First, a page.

South Africa

South Africa

Debt traps, the silent killers of the SA’s vulnerable

Debt traps, the silent killers of the SA’s vulnerable

Banks are under pressure, and with the housing market pretty much dead, they’re looking at new consumer markets for some of their highest-interest credit products. They’re finding these markets among South Africa’s poor, who are being charged the maximum interest rates allowed on unsecured loans. And if the banks won’t lend money there’s always a stokvel or neighbour who’ll help by giving out loans with interest rates that are just as punishing. By MANDY DE WAAL.

“Baby, I am so sorry. I owe many people some money and I don’t have that kind of cash to pay them.” Those are among the final words written by 22-year-old Happiness Mbedzi shortly before she killed herself in Diepsloot, the sprawling informal settlement north of Johannesburg. In the suicide note Mbedzi left behind for her partner, Ephraim Mudau, she listed all the people she owed funds to, alongside the amount of money outstanding. The total came to R3,320.

Just before the weekend, Mbedzi borrowed money to go to the local store in Diepsloot to buy rat poison. A couple who were walking their dogs and going to fetch firewood found her body later that same day, laying face down in the township’s extension 13. The suicide note was found next to Mbedzi’s body, together with the telephone numbers of her next of kin.

A relative said the day before she died people had come looking for Mbedzi to get money she owed them. “Debt is a big problem because we have such a huge unemployment rate in Diepsloot,” said Golden Mtika, a journalist for Daily Sun who broke the news of Mbedzi’s suicide.

“In most cases, you will find young women selling their bodies to be prostitutes, while the young men resort to criminal activities,” said Mtika, adding that he has never heard of people in Diepsloot going for debt counselling or getting help with dealing with indebtedness.

“The counselling of people in Diepsloot is unusual. I have never come across anyone who has been to an institute for counselling for any kind of problem, particularly not for money problems. There is nowhere people can turn to for help if they are indebted,” the journalist said.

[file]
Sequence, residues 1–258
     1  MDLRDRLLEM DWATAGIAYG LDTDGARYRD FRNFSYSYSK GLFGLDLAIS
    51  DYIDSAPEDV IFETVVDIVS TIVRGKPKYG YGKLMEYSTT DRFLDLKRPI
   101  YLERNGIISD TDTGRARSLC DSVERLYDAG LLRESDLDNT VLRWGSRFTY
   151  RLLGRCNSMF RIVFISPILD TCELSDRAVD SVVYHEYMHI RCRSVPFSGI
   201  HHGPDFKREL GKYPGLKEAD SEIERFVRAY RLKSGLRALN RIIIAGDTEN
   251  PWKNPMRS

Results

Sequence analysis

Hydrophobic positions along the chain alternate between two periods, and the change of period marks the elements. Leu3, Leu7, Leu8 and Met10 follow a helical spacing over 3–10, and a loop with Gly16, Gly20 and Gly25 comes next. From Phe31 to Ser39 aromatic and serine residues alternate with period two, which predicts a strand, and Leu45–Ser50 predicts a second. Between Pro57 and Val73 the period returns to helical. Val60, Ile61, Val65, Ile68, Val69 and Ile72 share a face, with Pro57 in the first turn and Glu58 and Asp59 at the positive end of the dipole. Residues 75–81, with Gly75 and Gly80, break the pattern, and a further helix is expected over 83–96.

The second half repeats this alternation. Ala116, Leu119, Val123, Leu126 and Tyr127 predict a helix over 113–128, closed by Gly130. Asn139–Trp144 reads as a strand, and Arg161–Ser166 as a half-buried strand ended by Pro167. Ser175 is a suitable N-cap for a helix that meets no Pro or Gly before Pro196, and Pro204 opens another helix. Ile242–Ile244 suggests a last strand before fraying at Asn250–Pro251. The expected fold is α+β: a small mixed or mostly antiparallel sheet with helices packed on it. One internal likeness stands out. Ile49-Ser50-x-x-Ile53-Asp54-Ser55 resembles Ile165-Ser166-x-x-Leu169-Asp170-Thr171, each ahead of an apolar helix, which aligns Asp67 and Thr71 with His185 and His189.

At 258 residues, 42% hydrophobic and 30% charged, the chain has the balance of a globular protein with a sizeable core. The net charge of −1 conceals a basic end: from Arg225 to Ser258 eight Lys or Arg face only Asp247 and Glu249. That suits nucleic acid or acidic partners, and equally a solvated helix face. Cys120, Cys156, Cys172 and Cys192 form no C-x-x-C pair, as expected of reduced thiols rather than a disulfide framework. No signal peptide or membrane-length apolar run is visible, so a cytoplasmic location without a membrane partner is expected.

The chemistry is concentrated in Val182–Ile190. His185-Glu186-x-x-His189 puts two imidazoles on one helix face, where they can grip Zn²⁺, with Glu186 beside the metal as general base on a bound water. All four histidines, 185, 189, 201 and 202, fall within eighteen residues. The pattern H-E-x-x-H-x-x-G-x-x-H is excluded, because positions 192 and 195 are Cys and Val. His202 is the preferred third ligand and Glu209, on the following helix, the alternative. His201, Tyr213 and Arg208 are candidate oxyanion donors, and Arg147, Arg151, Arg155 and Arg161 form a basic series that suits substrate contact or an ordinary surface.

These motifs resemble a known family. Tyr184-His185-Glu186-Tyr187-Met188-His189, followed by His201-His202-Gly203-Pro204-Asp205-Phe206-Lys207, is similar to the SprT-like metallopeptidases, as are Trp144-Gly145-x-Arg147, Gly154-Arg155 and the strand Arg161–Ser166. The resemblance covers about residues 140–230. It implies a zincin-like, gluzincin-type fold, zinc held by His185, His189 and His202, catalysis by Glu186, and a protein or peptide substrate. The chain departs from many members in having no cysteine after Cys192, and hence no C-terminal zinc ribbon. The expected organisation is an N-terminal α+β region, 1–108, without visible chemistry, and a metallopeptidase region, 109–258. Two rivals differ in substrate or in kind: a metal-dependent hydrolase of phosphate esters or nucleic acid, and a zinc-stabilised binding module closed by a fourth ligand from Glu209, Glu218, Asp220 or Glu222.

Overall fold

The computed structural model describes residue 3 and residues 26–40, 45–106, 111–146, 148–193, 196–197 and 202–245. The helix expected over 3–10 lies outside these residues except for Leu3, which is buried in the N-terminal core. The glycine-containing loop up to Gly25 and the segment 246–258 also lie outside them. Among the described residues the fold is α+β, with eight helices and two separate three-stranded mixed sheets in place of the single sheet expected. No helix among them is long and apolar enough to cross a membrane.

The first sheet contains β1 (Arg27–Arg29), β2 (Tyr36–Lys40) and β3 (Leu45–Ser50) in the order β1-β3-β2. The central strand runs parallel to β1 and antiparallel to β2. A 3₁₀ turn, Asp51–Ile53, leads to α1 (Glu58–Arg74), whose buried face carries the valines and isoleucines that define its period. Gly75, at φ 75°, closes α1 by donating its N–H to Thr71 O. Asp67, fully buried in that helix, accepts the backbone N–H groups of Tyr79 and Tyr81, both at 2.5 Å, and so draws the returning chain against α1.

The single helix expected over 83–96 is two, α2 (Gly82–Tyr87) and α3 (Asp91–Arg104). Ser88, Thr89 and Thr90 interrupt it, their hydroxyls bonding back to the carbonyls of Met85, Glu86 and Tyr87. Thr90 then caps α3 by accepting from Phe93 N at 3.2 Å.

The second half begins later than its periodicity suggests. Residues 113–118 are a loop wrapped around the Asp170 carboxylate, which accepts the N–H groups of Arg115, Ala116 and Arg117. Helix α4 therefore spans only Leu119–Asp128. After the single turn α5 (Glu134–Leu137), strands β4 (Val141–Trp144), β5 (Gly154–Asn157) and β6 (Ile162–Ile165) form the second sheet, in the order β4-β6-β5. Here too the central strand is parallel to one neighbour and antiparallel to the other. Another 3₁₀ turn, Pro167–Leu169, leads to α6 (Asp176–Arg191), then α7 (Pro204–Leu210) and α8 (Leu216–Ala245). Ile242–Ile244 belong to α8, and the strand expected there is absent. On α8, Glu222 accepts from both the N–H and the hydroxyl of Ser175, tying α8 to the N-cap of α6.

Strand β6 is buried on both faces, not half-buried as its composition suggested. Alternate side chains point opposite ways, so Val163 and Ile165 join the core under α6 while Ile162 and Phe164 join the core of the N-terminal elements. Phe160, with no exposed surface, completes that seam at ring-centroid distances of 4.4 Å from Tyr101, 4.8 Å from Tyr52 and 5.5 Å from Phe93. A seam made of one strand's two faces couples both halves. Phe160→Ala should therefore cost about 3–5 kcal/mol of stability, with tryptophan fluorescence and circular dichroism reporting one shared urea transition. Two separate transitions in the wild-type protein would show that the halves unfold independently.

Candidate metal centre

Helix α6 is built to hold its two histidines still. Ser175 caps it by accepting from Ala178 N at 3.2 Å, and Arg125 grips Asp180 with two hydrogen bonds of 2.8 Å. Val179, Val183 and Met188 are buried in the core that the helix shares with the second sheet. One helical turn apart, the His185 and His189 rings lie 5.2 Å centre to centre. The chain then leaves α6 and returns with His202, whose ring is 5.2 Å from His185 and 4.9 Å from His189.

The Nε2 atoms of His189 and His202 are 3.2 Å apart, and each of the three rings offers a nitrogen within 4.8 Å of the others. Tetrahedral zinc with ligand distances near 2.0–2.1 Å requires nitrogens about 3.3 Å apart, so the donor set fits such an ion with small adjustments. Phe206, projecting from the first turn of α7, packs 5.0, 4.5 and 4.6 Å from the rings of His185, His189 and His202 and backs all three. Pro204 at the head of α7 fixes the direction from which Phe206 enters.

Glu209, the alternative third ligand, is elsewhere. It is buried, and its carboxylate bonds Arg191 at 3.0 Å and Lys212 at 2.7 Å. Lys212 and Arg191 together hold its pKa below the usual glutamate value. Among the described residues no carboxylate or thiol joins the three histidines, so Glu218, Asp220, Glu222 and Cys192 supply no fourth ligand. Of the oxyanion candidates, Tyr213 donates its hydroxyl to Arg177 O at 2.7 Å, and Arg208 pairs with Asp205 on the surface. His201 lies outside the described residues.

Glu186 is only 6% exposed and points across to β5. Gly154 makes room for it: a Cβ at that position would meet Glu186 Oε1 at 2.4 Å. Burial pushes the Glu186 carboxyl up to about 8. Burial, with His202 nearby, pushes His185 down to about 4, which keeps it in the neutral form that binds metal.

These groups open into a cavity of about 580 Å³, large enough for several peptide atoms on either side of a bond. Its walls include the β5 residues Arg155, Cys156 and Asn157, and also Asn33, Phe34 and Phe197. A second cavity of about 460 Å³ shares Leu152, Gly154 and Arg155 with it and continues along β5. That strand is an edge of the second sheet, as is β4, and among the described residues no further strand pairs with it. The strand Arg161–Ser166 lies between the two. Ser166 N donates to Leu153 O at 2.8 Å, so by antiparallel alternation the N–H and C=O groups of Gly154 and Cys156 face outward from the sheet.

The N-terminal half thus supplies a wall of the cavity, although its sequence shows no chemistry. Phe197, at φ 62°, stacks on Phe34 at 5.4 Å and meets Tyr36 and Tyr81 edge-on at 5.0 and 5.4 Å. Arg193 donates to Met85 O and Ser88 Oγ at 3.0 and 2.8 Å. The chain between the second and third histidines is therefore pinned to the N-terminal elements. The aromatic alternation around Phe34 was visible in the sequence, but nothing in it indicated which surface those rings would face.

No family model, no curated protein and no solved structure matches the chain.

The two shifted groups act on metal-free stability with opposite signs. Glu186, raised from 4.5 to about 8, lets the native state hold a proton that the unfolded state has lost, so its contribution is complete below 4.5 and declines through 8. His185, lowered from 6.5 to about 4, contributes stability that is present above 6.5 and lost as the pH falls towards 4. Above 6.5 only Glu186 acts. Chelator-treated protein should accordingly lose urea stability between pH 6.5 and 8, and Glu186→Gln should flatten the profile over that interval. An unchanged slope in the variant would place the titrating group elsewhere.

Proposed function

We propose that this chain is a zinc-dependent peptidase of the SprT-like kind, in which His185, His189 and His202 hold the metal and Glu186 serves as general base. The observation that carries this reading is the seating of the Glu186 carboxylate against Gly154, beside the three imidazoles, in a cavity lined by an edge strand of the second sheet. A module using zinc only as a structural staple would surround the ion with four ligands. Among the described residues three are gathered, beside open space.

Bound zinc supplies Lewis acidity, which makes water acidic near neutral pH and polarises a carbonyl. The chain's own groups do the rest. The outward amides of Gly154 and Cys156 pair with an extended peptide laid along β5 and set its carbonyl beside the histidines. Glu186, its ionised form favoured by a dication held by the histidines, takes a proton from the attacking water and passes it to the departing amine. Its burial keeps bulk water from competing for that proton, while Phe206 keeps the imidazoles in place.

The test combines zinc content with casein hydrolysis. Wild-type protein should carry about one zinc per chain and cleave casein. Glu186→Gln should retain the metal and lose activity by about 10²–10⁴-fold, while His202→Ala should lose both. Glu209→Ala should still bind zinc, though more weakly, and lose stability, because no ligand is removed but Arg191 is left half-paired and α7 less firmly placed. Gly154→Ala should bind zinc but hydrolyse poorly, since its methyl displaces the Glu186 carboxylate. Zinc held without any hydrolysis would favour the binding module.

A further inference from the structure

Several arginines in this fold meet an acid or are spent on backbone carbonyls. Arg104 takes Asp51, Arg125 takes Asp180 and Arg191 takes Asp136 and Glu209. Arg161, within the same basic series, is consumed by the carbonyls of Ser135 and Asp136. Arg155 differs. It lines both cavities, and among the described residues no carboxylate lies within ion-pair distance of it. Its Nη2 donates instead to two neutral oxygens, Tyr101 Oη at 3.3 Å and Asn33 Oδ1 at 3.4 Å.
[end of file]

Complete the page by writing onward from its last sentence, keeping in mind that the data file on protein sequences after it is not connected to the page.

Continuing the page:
This, despite the fact that South Africans owe some R1.3-trillion in consumer debt, according to Rajeen Devpruth, manager of statistics at the National Credit Regulator. Devpruth said the figure included all outstanding debt balances including mortgages, vehicle finance and unsecured loans.

More than 9% of the amount owed are unsecured personal loans, said Devpruth, who added that people who earn more than R15,000 are granted 93% of the rand value of the mortgages on the market. “Mortgages go to high income earners while unsecured personal loans are mostly taken out by people who earn from zero to R15,000.”

Devpruth said the global housing market is dead, so credit providers are looking to other markets to make their money. By giving all these unsecured loans, credit providers are pricing for risk. Offering loans to vulnerable people means banks have to build the cost of potential losses into their products. Last year some R84-billion worth of unsecured loans were issued to consumers.

Stephen Logan, a credit law expert and authority on the National Credit Act, said because of extreme credit demand an increasing number of credit providers are getting into unsecured lending. “The large banks didn’t play in unsecured lending before; this was primarily the domain of African Bank and Capitec,” he said.